‘Wherever there’s smoke there’s probably crypto,’ warns Dogecoin founder

Jackson Palmer doesn’t believe cryptos really offer valuable cutting-edge new technology.

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Key points

  • Dogecoin was originally created as a joke
  • Co-founder Jackson Palmer believes cryptos are broadly little more than a scam
  • Decentralised networks can function efficiently without the need for blockchain technology, says Palmer

The Dogecoin (CRYPTO: DOGE) is down 5.6% over the past 24 hours, currently trading for 7.85 US cents.

That puts the popular meme coin, with a Shiba Inu as its mascot, down 55% so far in 2022. And it’s now down 89% since hitting all-time highs of 73.8 US cents precisely 13 months ago, on 8 May 2021.

Despite that retrace, and because the rest of the crypto market has been tumbling this year as well, Dogecoin remains the number 10 crypto in terms of market cap, with a total valuation just shy of US$11 billion.

Not bad for a token that initially was created in 2013 as a joke by Billy Markus from Portland, Oregon, and Jackson Palmer from Sydney, Australia.

Yet despite Dogecoin now being a household name, at least among the crypto-savvy, co-founder Palmer is one of its staunchest critics.

‘Wherever there’s smoke there’s probably crypto’

Palmer turned his back on the crypto world in 2016, when he became highly skeptical of the wider industry.

Now he’s launching a podcast called Griftonomics, which focuses on modern scams investors should be wary of. And cryptos, including Dogecoin, top the list.

According to Palmer (courtesy of The Sydney Morning Herald):

When I set out to do Griftonomics, I wanted the series to be mostly about things that weren’t crypto-related, like hustle culture, online gambling, carbon credits, things like that. But the interesting thing about crypto is, as you start to scratch the surface of the things I just mentioned, in every topic, you find a crypto angle.

There is some way that this parasitic thing has got its claws in every single kind of scam that is out there. It’s a facilitating technology. Crypto acts as an enabler of many groups of scams by providing an unregulated, harder to control system for scammers to perpetuate their scams.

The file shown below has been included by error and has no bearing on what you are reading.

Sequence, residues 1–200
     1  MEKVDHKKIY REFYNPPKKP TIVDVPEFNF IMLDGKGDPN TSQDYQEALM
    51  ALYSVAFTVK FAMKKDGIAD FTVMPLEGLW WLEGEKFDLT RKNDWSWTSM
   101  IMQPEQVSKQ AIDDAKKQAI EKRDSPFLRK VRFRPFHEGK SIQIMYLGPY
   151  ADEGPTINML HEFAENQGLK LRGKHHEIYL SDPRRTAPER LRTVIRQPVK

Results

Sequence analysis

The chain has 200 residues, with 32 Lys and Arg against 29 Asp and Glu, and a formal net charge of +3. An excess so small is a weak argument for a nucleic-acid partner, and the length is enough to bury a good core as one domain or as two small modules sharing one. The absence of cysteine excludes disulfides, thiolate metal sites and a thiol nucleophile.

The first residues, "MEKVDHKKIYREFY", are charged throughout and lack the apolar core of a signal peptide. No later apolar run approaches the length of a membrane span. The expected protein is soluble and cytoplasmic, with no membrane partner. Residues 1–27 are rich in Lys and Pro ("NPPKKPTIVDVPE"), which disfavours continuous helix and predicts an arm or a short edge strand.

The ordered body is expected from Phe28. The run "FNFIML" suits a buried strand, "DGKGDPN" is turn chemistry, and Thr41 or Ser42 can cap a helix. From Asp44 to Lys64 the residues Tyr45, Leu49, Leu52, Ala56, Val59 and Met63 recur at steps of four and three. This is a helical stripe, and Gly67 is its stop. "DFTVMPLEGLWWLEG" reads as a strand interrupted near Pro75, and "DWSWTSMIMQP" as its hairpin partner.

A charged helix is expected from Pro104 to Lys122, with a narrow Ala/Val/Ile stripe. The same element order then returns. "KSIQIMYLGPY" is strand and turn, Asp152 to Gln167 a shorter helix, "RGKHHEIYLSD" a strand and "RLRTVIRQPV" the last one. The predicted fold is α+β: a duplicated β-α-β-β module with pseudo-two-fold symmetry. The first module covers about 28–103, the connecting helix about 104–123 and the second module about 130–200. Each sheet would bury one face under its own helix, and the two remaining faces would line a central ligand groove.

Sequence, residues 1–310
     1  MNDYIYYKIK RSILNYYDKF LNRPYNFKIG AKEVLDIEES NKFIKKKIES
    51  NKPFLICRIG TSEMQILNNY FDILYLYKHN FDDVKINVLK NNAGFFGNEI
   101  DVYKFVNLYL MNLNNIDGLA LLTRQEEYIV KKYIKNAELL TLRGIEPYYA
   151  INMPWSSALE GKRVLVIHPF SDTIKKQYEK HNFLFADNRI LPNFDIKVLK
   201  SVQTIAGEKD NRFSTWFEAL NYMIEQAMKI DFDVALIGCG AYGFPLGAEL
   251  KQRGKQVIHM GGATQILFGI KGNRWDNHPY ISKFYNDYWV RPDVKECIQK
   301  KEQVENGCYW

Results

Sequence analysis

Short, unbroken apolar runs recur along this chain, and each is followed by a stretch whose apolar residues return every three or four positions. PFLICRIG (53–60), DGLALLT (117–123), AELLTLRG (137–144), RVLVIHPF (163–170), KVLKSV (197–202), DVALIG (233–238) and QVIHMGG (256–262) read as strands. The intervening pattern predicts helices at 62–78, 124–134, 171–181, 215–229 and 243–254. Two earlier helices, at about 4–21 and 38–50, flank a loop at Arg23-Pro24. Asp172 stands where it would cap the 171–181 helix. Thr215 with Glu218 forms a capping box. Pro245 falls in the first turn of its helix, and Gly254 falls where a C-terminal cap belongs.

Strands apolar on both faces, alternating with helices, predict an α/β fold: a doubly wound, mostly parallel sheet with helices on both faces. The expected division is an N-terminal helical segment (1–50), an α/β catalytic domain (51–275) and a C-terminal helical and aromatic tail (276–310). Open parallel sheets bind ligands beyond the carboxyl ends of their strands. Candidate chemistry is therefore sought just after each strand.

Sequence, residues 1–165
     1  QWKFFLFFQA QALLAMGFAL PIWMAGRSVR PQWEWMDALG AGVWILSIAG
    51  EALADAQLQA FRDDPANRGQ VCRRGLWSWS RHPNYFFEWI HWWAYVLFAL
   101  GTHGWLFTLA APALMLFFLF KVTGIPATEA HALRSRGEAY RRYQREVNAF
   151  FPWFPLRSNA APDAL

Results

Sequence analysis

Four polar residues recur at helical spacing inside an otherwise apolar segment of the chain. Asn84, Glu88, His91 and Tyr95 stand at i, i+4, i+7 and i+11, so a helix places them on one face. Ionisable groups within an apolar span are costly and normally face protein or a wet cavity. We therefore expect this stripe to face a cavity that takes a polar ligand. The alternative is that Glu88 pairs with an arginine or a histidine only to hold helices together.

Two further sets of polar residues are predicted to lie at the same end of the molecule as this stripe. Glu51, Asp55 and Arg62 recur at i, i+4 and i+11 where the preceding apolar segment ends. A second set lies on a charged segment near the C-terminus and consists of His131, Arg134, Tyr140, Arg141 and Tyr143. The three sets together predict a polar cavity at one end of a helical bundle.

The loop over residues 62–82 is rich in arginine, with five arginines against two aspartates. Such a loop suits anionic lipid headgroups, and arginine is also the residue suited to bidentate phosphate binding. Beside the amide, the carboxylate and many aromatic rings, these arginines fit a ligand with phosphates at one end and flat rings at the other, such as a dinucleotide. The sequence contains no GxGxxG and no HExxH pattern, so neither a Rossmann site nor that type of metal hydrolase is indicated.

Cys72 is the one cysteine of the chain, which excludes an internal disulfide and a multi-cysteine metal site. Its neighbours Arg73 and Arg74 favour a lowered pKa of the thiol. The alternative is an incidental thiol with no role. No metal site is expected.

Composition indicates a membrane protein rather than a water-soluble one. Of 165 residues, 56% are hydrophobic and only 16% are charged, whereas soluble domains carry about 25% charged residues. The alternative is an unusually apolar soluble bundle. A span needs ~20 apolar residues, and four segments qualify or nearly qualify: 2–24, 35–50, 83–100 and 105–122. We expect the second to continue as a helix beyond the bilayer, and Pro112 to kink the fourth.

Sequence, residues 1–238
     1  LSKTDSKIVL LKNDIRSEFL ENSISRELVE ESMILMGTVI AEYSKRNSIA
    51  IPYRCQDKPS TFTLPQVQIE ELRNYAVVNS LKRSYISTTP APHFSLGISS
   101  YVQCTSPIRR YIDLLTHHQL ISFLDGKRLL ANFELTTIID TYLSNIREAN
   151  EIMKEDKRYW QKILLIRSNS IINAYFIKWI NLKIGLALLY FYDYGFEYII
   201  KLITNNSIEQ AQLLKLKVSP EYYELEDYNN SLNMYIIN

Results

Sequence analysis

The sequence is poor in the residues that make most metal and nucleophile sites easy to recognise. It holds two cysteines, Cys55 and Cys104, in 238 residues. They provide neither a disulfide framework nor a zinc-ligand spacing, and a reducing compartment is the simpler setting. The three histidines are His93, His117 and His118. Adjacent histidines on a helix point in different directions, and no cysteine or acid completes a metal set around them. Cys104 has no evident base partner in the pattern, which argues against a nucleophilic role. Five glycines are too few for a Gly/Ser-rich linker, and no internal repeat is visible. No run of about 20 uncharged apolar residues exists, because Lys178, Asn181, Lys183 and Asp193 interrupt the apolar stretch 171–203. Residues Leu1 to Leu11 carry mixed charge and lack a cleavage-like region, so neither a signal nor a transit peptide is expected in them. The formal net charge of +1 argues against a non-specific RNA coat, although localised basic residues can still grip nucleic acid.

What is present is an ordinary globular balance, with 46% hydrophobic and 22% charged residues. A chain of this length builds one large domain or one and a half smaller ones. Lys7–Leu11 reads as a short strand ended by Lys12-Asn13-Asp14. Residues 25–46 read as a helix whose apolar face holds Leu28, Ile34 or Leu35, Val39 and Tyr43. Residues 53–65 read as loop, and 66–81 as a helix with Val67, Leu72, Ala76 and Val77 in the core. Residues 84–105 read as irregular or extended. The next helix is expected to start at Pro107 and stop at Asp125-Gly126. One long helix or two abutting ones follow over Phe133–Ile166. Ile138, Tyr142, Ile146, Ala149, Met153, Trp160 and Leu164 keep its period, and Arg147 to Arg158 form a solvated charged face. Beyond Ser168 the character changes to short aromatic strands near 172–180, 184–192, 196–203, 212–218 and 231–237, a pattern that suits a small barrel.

Wherever there’s smoke there’s probably crypto.

Big names pump up Dogecoin and other cryptos

Palmer says that industry “grifters” use the idea that cryptos like Dogecoin and Bitcoin (CRYPTO: BTC) offer “some sort of cutting-edge new technology” along with much-hyped endorsements from billionaires and celebrities to lure in new investors.

“Elon [Musk] has had a big impact, especially on the Dogecoin market and making people believe that it is something, which I obviously don’t agree with,” he said.

And they’re always ready to spin a new angle.

According to Palmer (quoted by the SMH):

Every two or three years there’s a new narrative. In 2009, it was that Bitcoin was going to replace all these banks that just screwed you over. Then a few years later when that didn’t work out, the narrative was that it was just a store of value. Then it pivoted again to ICOs [initial coin offerings], democratising fundraising, and then recently we went through the DeFi [decentralised finance] narrative, which was just a total sham.

Now we have NFTs [non-fungible tokens], which are simply the latest in a long string of changing narratives, so the industry can get a bunch of new suckers in.

Even when it comes to Web 3.0 – which envisions remaking the global internet based on blockchain technology – Palmer is dismissive.

“I’m a huge proponent of decentralisation, I had a person on the podcast who was the creator of Mastodon, a decentralised social network a lot like Twitter,” he said. “Does it need a blockchain? Does it need cryptocurrency to function? Absolutely not.”

The Motley Fool Australia's parent company Motley Fool Holdings Inc. has positions in and has recommended Bitcoin. The Motley Fool Australia has positions in and has recommended Bitcoin. The Motley Fool has a disclosure policy. This article contains general investment advice only (under AFSL 400691). Authorised by Scott Phillips.

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